Aubrey
This is the first autobiography I have read and I found it to be thoroughly enjoyable. Although I would not consider myself a jazz enthusiast by any means, I was more drawn to Billie's life story and her struggle with drug addiction. The saying about life imitating art crossed my mind repeatedly as I read this book. All of the societal stigmas and hardships Billie endured being a poor black woman during the Depression era effectively helped produce the most soulful, emotional music that cemented ...more
Yasmin
A wonderful read. Lady Day was strong, vulnerable, funny and a very smart person. She had a big heart and an enormous gift. It was a tragic day the day she died. But through her singing and through these words she lives on without the vulnerability. A truly amazing person!
Willem van den Oever
Without a doubt one of the most recognizable voices in the jazz-scene (and possibly the most powerful), Billie Holiday’s autobiography is just as wonderful and emotional as her vocal work.
Lady Sings the Blues” is as diverse, bewildering and touching as her music. There are great moments of triumph and seemingly endless times of hardship, tragedy and sadness. From her childhood, during which she hardly knew about her father and she’d spend most of her time running errands for a local whorehouse,
...more
Alisa
This is a somewhat difficult book to evaluate. The story of her life is intense and ultimately tragic, yet the kernel of triumph is that she was able to emerge despite the most challenging of circumstances that would crush anyone. The book is written in Billie's own voice; great because you get the real feel of this woman, but I think her co-author could have done so much more to flesh out some of the details, which is where the book fell flat. She endured some unimaginable circumstances - raped ...more
Laura Sims
Lady Sings the Blues is the extremely honest autobiography of Billie Holiday, jazz and swing legend. It takes the reader from Holiday's rough childhood, to her first show in Harlem, to her sold out performances, and to her addictions that would be the end of her life.

There are so many elements of this autobiography that I loved. Granted, all autobiographies should be taken with a grain of salt. Mostly, because the person who writes them may want to change some things. Though, Holiday doesn't see
...more
Dorothea
It's very difficult to know what to say about this memoir, since it wasn't exactly written by Billie Holiday, but by her friend William Dufty, who based it on interviews and other conversations with her. This review at the San Francisco Chronicle says that the book is full of "factual inaccuracies and exaggerations" but "captures [Holiday's] tart voice and unflinching eye," and that Dufty's "aim was to let Holiday tell her story her way." It sounds like a lot of the events didn't happen as descr ...more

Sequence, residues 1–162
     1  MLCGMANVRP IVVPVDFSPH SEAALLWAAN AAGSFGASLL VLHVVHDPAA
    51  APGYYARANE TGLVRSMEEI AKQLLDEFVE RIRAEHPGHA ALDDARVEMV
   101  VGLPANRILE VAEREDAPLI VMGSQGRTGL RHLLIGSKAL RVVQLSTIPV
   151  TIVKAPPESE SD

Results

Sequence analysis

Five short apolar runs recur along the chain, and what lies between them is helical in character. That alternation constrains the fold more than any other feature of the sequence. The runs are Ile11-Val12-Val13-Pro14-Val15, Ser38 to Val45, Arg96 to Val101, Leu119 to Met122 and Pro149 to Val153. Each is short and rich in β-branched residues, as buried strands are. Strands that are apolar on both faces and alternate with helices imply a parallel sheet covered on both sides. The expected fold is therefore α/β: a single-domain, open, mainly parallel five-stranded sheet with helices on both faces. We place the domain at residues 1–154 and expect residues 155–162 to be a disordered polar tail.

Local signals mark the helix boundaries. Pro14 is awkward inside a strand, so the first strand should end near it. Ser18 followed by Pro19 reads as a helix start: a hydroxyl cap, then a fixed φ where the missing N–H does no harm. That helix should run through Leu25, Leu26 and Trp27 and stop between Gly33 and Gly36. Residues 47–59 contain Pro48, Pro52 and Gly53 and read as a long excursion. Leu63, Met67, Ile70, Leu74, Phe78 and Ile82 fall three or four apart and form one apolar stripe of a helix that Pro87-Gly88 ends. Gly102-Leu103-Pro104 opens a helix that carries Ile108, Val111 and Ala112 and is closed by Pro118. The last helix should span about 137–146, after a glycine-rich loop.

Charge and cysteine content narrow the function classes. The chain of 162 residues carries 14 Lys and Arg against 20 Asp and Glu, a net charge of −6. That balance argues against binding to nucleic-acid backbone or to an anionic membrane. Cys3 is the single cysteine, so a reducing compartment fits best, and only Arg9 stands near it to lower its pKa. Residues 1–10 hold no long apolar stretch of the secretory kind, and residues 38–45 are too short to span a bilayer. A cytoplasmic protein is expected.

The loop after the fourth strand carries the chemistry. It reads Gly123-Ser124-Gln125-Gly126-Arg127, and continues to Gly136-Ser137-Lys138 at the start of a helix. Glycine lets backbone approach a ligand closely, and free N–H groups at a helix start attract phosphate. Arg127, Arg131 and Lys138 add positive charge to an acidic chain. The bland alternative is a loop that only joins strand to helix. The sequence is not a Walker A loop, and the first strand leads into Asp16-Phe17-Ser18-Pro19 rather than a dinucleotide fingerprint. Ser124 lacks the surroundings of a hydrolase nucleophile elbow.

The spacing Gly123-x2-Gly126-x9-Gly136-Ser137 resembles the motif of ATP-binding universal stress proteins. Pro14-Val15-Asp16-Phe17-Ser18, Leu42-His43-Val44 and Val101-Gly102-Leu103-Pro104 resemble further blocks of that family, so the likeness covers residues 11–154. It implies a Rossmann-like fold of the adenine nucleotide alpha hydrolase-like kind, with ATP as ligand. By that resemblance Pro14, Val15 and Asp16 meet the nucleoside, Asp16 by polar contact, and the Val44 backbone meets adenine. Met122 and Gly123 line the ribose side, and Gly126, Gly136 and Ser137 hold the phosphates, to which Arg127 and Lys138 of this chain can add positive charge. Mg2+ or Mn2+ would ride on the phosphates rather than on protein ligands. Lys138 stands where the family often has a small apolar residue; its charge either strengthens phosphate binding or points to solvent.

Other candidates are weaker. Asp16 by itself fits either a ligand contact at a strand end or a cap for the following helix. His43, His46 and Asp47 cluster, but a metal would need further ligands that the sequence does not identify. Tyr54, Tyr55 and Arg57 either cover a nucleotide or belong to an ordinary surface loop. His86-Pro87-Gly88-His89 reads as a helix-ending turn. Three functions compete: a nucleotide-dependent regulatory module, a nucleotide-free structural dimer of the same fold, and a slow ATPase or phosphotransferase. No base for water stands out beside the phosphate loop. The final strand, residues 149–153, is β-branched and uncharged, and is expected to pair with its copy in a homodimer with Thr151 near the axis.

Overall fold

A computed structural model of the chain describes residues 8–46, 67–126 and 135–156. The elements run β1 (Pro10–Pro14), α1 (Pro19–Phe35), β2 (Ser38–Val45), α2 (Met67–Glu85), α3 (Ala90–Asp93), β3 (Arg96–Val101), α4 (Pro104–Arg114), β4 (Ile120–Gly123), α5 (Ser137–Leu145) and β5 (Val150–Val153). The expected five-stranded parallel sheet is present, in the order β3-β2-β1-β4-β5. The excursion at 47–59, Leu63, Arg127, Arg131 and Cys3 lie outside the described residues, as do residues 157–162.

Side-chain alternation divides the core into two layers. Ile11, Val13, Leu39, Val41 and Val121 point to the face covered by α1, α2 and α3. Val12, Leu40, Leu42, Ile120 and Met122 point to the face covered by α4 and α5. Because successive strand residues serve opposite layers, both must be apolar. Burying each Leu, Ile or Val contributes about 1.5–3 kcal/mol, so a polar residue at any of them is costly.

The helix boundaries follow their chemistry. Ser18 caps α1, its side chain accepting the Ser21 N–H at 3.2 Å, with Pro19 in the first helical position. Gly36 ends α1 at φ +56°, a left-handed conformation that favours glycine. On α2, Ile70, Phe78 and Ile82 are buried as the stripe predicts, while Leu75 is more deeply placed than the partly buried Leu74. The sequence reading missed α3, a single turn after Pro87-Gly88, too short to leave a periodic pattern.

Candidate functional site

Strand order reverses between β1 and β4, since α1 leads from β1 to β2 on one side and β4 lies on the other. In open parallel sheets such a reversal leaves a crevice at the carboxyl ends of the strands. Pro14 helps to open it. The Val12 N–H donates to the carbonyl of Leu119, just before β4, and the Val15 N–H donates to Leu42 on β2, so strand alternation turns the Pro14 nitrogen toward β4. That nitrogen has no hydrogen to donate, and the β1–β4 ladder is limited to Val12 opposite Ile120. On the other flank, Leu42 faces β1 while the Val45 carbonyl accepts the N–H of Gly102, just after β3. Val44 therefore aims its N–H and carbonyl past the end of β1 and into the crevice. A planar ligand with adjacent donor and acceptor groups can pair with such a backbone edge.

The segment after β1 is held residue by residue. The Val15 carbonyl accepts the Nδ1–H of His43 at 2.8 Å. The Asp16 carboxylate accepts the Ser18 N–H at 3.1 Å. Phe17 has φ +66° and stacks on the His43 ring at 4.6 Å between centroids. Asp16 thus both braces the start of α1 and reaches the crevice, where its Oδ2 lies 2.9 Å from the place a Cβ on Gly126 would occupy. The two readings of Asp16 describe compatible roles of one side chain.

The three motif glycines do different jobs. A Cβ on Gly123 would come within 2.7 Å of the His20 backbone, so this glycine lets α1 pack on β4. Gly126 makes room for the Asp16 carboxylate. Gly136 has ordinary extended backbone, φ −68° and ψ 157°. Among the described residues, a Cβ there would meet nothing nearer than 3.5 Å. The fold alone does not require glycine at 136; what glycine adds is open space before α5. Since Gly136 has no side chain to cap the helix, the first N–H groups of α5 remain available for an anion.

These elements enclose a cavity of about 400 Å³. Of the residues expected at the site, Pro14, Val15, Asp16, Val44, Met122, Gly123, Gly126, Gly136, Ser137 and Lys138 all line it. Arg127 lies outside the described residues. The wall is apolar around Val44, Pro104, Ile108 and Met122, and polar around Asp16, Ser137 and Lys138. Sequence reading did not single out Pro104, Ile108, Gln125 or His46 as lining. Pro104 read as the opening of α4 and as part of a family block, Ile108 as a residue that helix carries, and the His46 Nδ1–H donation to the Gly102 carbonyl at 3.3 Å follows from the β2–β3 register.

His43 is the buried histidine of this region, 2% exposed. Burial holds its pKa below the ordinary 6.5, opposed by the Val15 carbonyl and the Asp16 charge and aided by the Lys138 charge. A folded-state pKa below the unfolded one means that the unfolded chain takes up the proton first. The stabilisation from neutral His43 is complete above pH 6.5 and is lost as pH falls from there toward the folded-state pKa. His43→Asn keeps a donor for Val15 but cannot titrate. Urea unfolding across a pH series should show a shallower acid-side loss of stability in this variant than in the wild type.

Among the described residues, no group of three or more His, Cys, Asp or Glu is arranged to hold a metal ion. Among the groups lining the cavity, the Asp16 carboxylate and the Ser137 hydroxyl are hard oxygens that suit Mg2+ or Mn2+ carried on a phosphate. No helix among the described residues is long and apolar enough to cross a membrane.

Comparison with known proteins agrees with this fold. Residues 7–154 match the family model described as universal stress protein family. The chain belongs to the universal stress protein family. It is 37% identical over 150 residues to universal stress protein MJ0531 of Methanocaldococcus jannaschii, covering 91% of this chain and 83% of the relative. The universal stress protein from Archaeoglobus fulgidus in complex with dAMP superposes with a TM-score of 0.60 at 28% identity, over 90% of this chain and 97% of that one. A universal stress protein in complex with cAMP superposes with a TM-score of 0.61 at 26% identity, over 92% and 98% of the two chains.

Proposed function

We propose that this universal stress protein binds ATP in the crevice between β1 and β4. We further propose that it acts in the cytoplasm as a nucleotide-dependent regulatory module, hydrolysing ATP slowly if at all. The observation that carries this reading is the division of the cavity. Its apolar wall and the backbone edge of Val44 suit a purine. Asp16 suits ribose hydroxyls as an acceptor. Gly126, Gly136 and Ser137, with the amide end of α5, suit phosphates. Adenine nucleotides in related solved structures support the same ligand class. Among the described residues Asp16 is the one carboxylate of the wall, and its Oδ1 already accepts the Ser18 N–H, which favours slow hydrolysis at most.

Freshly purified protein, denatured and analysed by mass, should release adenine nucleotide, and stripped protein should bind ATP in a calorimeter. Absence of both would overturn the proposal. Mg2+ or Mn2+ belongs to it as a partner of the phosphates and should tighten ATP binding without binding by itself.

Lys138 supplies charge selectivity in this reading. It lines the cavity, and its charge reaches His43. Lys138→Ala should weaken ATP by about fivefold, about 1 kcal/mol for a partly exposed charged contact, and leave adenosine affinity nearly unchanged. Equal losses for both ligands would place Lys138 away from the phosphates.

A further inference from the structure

Matt
I had some problems with this book.

The lingo of the 1950s was not always easy to understand for me.

On top of that I, as a male European born in the 60s, obviously have a very different cultural background than a female citizen of the United States, who was born in 1915. The text is not able to bridge this gap completely, which I find unfortunate.

As the authors mentioned Billie Holiday with William Dufty. Which parts were written by whom, I can not identify.

The foreword was written by David Ritz.
...more
Deodand
I came to appreciate Billie's vocal styling very slowly. In my early 20's I frequented a (pre-Starbucks) café where the proprietor adored her and put her discs in the mix. I'd be chatting or playing cards when, here comes that lady with the weird voice again. "Who is that??" I'd ask my friends, who were all studying music at the time.

"Billie Holiday" they'd intone together.

Then maybe half an hour later she'd come up again, I'd ask again, they'd intone the answer again. These friends of mine, who
...more
Natti R
I really enjoyed reading about the life of Lady Day. If I could give the book 3 1/2 stars I would. In the beginning chapters, I felt as if I were sitting with her on her front porch on a nice summer evening, listening to her regale of stories from her past. However, towards the end of her tales, I felt that I was getting lost in a repetitive set of tirades involving her drug escapades and stints with the law, and less about her amazing talent, musical performances, and life. What started out as ...more
Autumn
Because I have read this book, I understand Billie. Completely. I understand why all of the brilliant musicians that followed in her footsteps and mentioned her as a muse (Frank Sinatra and Janis Joplin to name a few) were who they are. Billie's tragedy and triumph are executed so eloquently in this book, but stay true to Lady Day and her lingo/upbringing. There's nothing terribly fancy in this book; when it comes down to it, it's all Billie. It's as if she's having a conversation with you herse ...more
Michelle